Sun, Changyou

Committee Member

Gordon, Jason S.

Committee Member

Grado, Stephen C.

Committee Member

Poudel, Krishna P.

Date of Degree


Original embargo terms

Complete embargo for 6 months||forever||5/15/2021

Document Type

Graduate Thesis - Open Access

Degree Name

Master of Science


College of Forest Resources


Department of Forestry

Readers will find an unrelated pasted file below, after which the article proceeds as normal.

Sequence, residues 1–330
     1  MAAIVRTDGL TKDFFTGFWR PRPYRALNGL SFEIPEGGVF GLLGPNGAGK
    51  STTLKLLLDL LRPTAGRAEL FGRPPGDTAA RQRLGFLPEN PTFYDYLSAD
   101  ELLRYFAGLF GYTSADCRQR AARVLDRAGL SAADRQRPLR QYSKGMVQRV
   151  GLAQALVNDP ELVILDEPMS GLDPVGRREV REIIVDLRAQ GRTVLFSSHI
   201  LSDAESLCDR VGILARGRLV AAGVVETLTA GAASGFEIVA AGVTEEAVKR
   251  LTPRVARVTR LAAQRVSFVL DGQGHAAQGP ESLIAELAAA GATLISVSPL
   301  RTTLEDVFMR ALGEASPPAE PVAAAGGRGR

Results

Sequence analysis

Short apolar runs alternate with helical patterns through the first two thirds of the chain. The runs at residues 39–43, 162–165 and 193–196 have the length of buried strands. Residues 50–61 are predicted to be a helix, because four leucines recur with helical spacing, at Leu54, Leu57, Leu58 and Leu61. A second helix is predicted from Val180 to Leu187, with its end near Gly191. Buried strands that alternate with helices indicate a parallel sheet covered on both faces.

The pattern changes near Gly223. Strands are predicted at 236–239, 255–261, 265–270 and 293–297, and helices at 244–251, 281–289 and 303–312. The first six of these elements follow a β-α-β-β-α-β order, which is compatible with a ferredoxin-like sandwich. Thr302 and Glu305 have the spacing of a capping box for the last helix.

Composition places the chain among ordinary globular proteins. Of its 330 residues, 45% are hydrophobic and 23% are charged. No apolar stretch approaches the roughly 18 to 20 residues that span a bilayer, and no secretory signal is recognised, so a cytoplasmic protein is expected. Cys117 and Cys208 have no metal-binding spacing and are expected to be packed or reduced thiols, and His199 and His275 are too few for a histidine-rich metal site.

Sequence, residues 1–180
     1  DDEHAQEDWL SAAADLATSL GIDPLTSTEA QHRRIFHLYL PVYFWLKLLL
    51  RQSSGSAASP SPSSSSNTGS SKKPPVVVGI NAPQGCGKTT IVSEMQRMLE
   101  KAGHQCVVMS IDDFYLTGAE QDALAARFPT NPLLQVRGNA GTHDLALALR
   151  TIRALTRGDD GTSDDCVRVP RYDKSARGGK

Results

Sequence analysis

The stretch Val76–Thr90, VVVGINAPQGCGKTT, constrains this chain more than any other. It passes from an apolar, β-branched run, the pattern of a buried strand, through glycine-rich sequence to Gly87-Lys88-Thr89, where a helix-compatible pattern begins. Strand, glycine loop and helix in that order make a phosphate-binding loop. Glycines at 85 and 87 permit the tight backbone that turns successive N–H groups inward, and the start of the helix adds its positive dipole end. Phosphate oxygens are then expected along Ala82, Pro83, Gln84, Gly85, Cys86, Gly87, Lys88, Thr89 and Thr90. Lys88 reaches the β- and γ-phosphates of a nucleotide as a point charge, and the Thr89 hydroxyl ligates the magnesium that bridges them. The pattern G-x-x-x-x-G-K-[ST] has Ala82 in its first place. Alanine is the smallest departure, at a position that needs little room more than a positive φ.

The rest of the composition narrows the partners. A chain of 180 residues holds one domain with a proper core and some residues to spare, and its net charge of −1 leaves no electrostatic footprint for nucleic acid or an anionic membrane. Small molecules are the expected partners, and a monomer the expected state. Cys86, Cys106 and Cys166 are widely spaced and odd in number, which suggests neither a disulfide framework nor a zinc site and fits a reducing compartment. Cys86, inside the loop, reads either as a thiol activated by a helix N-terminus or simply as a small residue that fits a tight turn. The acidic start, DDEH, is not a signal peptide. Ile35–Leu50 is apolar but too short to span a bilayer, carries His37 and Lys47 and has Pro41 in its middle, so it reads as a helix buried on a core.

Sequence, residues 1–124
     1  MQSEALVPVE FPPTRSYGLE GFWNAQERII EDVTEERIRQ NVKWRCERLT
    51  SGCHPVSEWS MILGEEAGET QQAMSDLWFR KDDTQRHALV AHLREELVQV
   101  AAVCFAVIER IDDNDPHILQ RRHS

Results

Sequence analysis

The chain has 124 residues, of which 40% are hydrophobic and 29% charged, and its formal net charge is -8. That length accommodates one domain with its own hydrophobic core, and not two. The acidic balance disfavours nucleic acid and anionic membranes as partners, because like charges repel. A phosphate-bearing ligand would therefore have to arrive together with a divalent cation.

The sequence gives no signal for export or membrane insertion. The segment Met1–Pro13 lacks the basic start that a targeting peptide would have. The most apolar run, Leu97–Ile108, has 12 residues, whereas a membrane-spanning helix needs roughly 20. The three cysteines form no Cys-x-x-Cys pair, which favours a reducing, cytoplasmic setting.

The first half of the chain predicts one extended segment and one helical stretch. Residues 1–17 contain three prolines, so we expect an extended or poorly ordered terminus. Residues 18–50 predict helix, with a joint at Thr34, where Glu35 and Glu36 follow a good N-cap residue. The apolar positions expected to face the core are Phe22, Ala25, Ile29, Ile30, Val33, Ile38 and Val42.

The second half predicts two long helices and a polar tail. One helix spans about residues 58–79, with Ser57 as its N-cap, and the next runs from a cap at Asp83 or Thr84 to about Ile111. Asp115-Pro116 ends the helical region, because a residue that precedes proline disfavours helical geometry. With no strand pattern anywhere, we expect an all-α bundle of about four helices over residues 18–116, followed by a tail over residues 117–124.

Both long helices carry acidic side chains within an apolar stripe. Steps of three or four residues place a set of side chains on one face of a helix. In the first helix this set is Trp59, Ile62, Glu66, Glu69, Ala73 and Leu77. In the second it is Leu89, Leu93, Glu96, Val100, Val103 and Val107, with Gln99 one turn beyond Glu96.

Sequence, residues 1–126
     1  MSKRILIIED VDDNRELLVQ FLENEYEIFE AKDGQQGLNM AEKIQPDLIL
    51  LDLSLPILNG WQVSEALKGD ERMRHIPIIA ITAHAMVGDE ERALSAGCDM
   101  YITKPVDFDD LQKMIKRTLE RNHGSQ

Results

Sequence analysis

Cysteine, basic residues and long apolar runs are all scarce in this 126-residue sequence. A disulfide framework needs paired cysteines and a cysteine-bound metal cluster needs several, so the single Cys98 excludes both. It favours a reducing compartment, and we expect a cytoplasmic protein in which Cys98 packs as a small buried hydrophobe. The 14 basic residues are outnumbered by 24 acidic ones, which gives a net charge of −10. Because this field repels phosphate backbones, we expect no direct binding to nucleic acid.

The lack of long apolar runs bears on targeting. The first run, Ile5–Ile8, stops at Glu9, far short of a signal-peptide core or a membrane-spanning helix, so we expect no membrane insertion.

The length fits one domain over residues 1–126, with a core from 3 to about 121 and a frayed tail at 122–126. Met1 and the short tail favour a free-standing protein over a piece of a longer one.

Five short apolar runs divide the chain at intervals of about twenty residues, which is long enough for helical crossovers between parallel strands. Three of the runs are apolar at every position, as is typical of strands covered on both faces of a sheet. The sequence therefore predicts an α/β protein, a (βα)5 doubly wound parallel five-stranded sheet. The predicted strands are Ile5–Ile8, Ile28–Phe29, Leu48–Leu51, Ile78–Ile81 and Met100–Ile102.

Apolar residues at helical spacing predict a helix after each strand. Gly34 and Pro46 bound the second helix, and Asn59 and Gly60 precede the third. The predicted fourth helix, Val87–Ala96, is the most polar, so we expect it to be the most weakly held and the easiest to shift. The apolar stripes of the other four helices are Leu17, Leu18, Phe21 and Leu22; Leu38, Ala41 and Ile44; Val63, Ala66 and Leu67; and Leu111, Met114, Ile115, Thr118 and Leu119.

The use of conservation easements has been increasing in the United States. However, patterns of growth over time are different for individual states. Little is known on how determinants of conservation easements interact with one another and affect the choice of conservation approaches. The study objective was to analyze conservation easement trends and examine underlying choice determinants in the United States. Panel data models were employed to assess determinants of easement acres and contracts from 1995 to 2015. Findings revealed that the northern United States has the most percentage of land area under conservation easements. The growth in conservation easements was positively related to gross state products, land market values, air quality, and land use, while it was negatively related to state population density, conservation spending, easement duration and endangered species. Public policymakers would use these findings to integrate easement efforts into local planning to meet conservation and land-use objectives.